South Korea’s two biggest airlines plan to merge, with Korean Air Lines Co acquiring Asiana Airlines Inc for 1.8 trillion won (US$1.6 billion) following an injection via its parent, Hanjin Kal Corp.
The main goal of the acquisition is to stabilize South Korea’s aviation industry amid the COVID-19 pandemic and improve its competitiveness, said Hanjin Group, which operates airlines and logistics businesses through its subsidiaries.
It expects Korean Air to be ranked as one of the world’s top 10 airlines once the deal is completed.
“In general, countries with a population less than 100 million have a single full-service carrier,” Hanjin said in a statement.
“However, Korea has two full-service carriers, which gives it a competitive disadvantage compared to countries like Germany, France and Singapore with a single major airline,” it said.
The merger should streamline route operations and reduce costs, while the consolidation of slots at Seoul’s Incheon International Airport might increase joint ventures with global airlines and demand for transit flights, the parent company said.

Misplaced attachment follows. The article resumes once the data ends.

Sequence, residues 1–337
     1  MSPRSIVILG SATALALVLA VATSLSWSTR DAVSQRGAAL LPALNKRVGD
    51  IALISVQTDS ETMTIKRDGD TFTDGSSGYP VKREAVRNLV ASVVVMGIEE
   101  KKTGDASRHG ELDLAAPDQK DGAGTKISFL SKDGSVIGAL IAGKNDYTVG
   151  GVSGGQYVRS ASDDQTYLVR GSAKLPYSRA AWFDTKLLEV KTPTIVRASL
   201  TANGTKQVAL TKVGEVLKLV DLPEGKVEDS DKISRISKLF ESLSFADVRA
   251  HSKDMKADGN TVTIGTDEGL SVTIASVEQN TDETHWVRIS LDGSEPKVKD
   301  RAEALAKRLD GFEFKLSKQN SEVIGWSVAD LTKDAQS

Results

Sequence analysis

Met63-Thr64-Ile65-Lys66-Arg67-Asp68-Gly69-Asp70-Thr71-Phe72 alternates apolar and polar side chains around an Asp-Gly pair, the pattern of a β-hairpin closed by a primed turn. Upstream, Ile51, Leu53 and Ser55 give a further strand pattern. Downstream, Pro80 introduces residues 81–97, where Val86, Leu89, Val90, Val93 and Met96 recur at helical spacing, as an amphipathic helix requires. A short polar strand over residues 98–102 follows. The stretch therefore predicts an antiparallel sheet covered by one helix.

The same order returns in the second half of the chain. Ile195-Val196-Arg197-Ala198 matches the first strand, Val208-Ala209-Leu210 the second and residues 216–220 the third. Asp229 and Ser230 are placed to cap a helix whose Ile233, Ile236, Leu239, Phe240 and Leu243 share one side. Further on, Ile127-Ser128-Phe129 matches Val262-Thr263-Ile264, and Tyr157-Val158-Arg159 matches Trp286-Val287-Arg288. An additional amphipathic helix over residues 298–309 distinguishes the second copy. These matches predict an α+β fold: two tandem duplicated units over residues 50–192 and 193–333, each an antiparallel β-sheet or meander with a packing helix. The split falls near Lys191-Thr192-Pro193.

That should also spur growth in the domestic aviation industry.
“Korean Air’s acquisition and the expansion of its routes, fleet and capacity will give the airline the competitiveness to compete with global mega airlines,” Hanjin said.
Shares in Asiana and Korean Air both soared on the stock exchange yesterday, with Asiana rising by the 30 percent daily limit and Korean Air climbing as much as 18 percent. The two are trading above where they were at the start of the pandemic in January.
Hanjin Kal rose as much as 6.6 percent yesterday.
Korean Air plans to issue new shares early next year to raise 2.5 trillion won. Hanjin Kal is to participate in the issue after receiving 800 billion won from Korea Development Bank, which it would transfer to Korean Air.
The airline is to invest 300 billion won of that to buy perpetual convertible bonds from Asiana and another 300 billion won as a down payment on a 1.5 trillion won contract to buy new Asiana shares, according to the statement.
“Korean Air’s initial investment will enable Asiana Airlines to secure the funding needed for operations until the end of the year, as well as improve its financial position by adding 300 billion won worth of perpetual convertible bonds to its capital assets,” Hanjin said.
State-run Korea Development Bank yesterday said that it hopes to complete the transactions this year and seek approvals from antitrust bodies globally by the end of next year.
The bank would likely own about 10 percent of Hanjin Kal, Hanjin Group has said.
Founded in 1988 to compete with Korean Air, Asiana flew to 61 cities in 21 countries prior to the pandemic. It has two budget carriers, Air Seoul and Air Busan.
Korea Development Bank said Hanjin might look at consolidating low-cost carriers after the Asiana acquisition.
Hanjin Kal is the parent of budget operator Jin Air Co.
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